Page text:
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i want to migrate one of the application from vb6 to .net with visual studio 2010.At present the application is windows based application. i want to make web application. i guess i have to rewrite the code in .net. could you please advice me while i rewrite the code in .net.

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FYI, tags are meant to categorize a question. Using "vb6 to .net migration", you didn't need the "to", as it does not help categorize the question. –  John Saunders May 5 '10 at 5:12
    
@John, @pradeepmada I think the tag vb6-migration is useful for these questions. Disclaimer: I am the one who invented it - but I think the community seems to like it –  MarkJ May 5 '10 at 8:47

3 Answers 3

If your VB6 application is composed of multiple COM objects with clean interfaces, then you should be able to reuse those components which do not touch the UI. You might want to take advantage of the VB6 expertise at your company to separate any UI code from business logic. The business logic can then be reused in the web application.

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There's lots of advice on strategies for conversion. One strategy that might work well (as John said) is to use Interop to mix a VB6 back-end with a .Net web front end.

Some other resources:

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It depends very highly on how well-structured the original application is. A well-structured application could be translated from desktop to web with a fairly high amount of reuse. Unfortunately, the vast majority of VB6-era code is not well-structured and that makes life much harder for you.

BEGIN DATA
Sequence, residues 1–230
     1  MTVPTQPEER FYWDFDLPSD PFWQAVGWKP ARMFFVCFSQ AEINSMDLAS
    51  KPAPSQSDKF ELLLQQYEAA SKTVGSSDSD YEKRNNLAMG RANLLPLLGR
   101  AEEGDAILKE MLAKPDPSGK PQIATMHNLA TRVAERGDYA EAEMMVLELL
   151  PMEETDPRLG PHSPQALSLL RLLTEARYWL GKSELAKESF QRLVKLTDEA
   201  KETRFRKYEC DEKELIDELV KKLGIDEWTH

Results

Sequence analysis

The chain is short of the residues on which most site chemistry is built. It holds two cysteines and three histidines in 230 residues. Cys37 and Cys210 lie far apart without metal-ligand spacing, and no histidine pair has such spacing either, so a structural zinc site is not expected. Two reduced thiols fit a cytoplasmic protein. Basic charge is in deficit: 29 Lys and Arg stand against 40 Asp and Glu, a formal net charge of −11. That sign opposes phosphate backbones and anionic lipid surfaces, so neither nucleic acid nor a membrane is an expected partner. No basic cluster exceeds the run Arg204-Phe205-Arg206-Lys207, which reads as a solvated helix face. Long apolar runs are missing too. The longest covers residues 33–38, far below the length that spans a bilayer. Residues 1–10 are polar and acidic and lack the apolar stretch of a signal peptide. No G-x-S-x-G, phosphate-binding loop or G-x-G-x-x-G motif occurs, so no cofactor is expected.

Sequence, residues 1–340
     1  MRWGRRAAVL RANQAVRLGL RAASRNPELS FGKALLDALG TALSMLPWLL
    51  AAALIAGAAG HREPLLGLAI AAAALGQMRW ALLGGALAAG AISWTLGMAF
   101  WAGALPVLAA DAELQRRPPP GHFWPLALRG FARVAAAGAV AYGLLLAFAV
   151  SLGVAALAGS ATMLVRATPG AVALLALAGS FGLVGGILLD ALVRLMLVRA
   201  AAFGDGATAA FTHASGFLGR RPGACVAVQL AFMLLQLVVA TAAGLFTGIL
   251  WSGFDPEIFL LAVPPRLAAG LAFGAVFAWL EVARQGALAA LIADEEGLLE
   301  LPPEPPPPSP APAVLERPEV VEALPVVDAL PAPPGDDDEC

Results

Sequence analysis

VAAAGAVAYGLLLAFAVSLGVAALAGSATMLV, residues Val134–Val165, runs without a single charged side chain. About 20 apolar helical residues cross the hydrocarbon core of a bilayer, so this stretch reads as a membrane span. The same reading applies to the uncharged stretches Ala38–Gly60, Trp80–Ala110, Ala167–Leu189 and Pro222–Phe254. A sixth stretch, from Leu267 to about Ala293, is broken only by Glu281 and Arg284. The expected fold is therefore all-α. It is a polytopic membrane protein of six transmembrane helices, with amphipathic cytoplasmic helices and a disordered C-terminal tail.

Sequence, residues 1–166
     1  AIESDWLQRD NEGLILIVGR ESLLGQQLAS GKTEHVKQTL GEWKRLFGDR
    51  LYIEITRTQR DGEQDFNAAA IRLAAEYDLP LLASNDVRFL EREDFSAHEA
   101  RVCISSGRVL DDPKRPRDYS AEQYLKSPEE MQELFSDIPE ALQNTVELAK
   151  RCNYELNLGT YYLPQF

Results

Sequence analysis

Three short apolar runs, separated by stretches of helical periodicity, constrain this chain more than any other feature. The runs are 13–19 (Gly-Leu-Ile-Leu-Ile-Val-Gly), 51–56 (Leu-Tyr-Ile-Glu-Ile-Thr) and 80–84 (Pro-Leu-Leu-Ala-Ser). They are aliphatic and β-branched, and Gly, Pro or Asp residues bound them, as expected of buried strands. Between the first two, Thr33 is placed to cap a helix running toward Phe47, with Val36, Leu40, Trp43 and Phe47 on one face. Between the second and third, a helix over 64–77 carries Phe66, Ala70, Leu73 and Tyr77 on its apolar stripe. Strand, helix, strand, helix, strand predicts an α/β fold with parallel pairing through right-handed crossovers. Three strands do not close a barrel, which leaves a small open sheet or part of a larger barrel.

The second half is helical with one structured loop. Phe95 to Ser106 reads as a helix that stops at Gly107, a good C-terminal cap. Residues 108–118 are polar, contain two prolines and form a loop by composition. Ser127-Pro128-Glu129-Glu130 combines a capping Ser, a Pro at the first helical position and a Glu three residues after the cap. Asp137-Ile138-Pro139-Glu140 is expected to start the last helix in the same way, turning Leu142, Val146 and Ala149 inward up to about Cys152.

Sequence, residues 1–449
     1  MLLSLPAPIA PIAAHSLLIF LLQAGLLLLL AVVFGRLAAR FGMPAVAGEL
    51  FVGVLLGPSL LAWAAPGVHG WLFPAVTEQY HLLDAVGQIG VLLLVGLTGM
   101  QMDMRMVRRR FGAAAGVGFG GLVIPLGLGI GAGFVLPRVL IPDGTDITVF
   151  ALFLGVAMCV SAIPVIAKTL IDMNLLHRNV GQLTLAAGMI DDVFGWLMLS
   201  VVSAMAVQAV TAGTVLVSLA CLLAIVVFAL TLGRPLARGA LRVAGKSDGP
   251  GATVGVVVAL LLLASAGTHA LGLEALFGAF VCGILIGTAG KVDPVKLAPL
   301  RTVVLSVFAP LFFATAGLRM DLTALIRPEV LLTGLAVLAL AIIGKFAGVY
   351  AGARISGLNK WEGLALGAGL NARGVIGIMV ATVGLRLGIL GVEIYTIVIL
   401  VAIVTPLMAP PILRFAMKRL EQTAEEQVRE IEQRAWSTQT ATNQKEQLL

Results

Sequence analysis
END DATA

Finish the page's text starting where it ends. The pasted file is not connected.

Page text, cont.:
Visual Studio is able to import a VB6 project and convert it to VB.NET, but the mapping is not perfect. Coupled with the badly-structured code that I mentioned above that's common to a lot of VB6 code, you may be better off just totally scrapping the original project and starting anew.

It's highly dependent on a lot of factors, of course. You might be lucky and be working with one of those rare gems: a well-structured VB6 project with clear separation of views and code.

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Scrapping the original project and starting anew is superficially attractive, but it can lead to failure. "Many companies I worked with in the early days of .NET looked first at rewriting driven in part by a strong desire to improve the underlying architecture and code structures at the same time as they moved to .NET. Unfortunately many of those projects ran into difficulty and several were never completed. The problem they were trying to solve was too large" By a Microsoft insider blogs.msdn.com/goto100/archive/2008/11/03/… –  MarkJ May 5 '10 at 8:45
    
@MarkJ: Sometimes you have no choice but to start all over. Converting a desktop app to a web based one is a prime example. The best way I've seen to transition is to wrap up development on the old one and start fresh. Expect this to take a while. Before you start though take a cold hard look at the features the desktop app actually has. Do all of those need to be replicated? More to the point, which ones have to be replicated with version 1.0 of the web app. –  Chris Lively Oct 20 '10 at 19:54
    
That said not every desktop app needs to be converted and you should only go down that path if there is a valid business reason. We went through this a couple years ago in a move from classic asp to c# and asp.net. It was a full rewrite and highly successful. We didn't take all of the old features just the "had to have" ones and launched it. Since then we've already caught up to and surpassed the previous feature level. One thing in our favor is that the team that wrote the original version was the same team to do the rewrite. –  Chris Lively Oct 20 '10 at 19:55

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